Not long ago we wrote an article stating our belief that the excitement over Citadel indicating they were interested in E-Trade (NASDAQ:ETFC) selling the business was misplaced (story here). For those not familiar Citadel is the hedge fund which saved E-Trade from collapsing during the financial crisis, and now appears ready for the board to sell the company. Our thesis was that first it was not a seller’s market and that the usual suspects were already digesting recent acquisitions, while other suitors were either unwilling or unable to make a move due to their balance sheets still being in shambles.
With Europe once again at the forefront of every investor’s mind, followed closely by the banks and their situation here in the U.S., we still think that E-Trade could wait months, if not years, for buyers to come and "kick the tires." At this point it is a foregone conclusion that Bank of America (NYSE:BAC) is too preoccupied with its own problems to pull off an acquisition, and Wells Fargo (NYSE:WFC) is probably too involved in the long awaited rebranding of the Wachovia business to get side tracked with a business that would require a bit of TLC to fully integrate. We considered these two to be long shots, but with the current market climate for banks, both Bank of America and Wells Fargo are out of the picture. Regions Financial (NYSE:RF), which we thought was the furthest possibility for E-Trade looks to be exiting the business as well via a divesture of their brokerage business, Morgan Keegan.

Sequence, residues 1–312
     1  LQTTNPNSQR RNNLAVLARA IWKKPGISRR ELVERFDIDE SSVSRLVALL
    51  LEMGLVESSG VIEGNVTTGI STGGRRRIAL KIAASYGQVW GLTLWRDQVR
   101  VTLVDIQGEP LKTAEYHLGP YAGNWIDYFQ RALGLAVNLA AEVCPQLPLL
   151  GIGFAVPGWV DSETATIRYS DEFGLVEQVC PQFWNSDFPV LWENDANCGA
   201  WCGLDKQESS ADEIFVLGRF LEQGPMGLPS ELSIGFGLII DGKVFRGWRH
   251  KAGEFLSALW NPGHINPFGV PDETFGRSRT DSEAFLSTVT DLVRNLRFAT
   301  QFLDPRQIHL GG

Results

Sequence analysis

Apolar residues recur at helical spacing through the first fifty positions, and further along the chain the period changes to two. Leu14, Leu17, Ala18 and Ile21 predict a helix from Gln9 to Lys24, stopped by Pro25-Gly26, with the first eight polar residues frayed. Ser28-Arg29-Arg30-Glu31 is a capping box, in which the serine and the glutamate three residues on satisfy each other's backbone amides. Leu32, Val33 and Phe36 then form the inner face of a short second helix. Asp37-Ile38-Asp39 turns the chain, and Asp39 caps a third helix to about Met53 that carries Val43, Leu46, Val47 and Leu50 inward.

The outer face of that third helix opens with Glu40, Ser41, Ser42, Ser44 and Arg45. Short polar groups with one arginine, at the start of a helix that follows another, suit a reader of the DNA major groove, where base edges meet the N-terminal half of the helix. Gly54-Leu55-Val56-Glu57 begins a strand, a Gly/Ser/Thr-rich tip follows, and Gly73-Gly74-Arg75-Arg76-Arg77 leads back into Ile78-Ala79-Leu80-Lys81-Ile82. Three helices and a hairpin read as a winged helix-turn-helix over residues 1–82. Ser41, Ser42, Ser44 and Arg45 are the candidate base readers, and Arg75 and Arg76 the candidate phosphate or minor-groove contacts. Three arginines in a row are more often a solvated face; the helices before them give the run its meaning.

We feel safe at this point in making the all encompassing statement that no traditional bank, investment bank or traditional broker will be touching this asset before the mess in Europe is cleaned up, Washington finalizes the debt agreement and the overall business environment in the US improves.
The short list of potential acquirers is just that. We still feel that either Charles Schwab or TD Ameritrade (NYSE:AMTD) will ultimately purchase E-Trade, but with the current state of the balance sheet and income statement it is quite difficult to envision a large multiple being paid out. Our belief is that ETFC would receive a buyout offer no more than 20-25% higher than today’s price, and far below the current 52-week high.
In the current environment it appears investors have come around to our belief that ETFC will be a tough sell with all of their baggage. If Charles Schwab and TD Ameritrade are the only bidders, a bidding war is hard to imagine as both companies are disciplined buyers. Unless a buyout materializes or there is improvement in the economy as a whole, we view ETFC shares as underperformers to their industry peers over the next 6-12 months, thus our belief that those wanting to participate in the sector would be better suited buying EFTC’s potential future acquirers.